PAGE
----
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Caring for older people with pressure ulcers

  • Research type

    Research Study

  • Full title

    Barriers and enablers to family carers providing pressure ulcer care to older people living at home



  • Contact name

    Kathleen Mulligan

  • Contact email

  • Sponsor organisation

    City, University of London

  • Duration of Study in the UK

    0 years, 11 months, 31 days

  • Research summary

    Pressure ulcers are a healthcare priority. They are usually caused by sitting or lying in one position without moving for a long time. Pressure ulcers are painful and slow to heal, can lead to hospital admission and are associated with life-threatening complications like sepsis. The NHS treats 202,000 people for pressure ulcers each year, at an annual cost of £571.98 million.

    Frail older people are at high risk of pressure ulceration. Two-thirds of pressure ulcers occur in people aged over 60-years. Older people living at home do not receive 24-hour nursing care, therefore, family carers often play an important role in pressure ulcer care, which can include inspecting for skin damage, ensuring skin is clean and dry, and encouraging the person to change position.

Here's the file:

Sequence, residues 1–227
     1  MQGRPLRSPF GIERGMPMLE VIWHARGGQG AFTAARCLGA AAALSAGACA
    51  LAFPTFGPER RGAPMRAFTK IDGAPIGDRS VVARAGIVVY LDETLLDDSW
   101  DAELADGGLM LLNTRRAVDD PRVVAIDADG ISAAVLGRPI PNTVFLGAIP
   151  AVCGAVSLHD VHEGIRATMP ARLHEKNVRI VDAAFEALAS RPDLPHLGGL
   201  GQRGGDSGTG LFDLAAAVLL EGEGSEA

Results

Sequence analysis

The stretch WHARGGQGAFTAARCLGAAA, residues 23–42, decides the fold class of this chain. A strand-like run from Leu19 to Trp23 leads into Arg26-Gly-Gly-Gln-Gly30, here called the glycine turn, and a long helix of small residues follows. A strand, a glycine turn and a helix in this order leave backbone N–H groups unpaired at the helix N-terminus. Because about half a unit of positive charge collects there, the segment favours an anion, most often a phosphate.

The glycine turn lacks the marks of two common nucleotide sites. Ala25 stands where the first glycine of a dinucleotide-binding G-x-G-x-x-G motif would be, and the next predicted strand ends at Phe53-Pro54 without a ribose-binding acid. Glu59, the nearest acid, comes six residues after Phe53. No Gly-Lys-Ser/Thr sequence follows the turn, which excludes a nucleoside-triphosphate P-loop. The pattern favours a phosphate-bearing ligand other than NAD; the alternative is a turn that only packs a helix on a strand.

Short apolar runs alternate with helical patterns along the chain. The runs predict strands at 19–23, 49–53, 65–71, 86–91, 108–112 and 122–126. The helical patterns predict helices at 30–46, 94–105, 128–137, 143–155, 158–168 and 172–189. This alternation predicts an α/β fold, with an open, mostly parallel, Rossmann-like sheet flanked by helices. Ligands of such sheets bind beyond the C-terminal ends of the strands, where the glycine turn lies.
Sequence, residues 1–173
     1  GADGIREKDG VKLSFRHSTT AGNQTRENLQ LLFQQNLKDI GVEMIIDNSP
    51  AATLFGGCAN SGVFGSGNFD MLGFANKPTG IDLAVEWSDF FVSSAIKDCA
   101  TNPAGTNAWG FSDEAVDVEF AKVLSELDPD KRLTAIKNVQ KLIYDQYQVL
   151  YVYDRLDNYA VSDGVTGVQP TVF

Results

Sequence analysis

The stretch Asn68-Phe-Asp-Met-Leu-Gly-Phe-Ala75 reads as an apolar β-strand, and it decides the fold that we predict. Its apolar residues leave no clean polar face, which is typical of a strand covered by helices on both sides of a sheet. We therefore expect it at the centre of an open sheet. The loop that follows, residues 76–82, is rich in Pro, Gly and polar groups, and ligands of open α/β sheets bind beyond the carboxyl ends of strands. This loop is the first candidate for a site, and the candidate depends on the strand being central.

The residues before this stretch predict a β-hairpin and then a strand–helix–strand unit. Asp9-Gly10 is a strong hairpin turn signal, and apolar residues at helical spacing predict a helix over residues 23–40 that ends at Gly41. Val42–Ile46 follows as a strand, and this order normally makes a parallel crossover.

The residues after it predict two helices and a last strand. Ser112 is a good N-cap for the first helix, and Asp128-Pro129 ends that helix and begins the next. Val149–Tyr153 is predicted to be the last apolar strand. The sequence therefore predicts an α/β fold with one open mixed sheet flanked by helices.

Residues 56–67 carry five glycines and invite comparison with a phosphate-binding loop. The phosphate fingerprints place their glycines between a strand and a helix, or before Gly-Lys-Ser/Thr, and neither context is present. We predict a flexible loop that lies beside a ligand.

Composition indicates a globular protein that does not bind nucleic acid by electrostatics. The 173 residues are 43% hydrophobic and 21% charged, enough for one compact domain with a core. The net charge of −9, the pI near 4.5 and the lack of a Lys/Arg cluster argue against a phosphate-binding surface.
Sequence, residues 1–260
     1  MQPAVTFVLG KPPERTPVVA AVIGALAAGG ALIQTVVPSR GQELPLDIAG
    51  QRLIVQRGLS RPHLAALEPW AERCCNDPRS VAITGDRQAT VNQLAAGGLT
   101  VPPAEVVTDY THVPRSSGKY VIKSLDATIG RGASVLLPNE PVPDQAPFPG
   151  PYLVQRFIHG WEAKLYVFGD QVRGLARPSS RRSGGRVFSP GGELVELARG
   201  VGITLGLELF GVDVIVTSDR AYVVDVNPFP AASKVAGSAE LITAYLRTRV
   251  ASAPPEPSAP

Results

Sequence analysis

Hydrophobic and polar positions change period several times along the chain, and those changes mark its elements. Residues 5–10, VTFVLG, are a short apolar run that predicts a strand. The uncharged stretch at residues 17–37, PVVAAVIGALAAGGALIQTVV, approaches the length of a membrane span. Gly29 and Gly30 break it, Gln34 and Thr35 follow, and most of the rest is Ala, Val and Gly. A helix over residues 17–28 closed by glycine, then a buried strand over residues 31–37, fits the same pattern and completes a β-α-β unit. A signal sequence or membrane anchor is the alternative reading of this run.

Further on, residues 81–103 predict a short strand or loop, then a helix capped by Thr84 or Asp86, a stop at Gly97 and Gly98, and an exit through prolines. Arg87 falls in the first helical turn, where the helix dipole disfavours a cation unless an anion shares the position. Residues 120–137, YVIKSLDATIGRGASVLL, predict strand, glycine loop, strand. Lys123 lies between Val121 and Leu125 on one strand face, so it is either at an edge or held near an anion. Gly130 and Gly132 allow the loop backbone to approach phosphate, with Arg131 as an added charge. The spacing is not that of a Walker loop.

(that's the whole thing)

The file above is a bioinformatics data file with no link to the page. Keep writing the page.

Pressure ulcers cause family carers a lot of anxiety; however, few studies have explored family carers’ experiences of caring for an older person with or at high risk of pressure ulcers or assessed their pressure ulcer-related support needs.

    Our research team proposes to address this gap in the research literature. The team is made up of academics and practitioners with research expertise relating to pressure ulcers, community nursing, health behaviour change, and family carers. The aim of our study is to interview family carers for older people, to understand the barriers and enablers they experience to providing pressure ulcer care.

    The findings will provide a better understanding of what additional support would reduce carer anxiety and promote the best possible care for older people. The proposed research forms the first phase of a programme of work leading to the development of a carer-focused intervention to promote family carer wellbeing, improve clinical outcomes for older people at risk of pressure ulceration and reduce healthcare costs.

  • REC name

    Wales REC 6

  • REC reference


  • Date of REC Opinion

    25 Apr 2022

  • REC opinion

    Favourable Opinion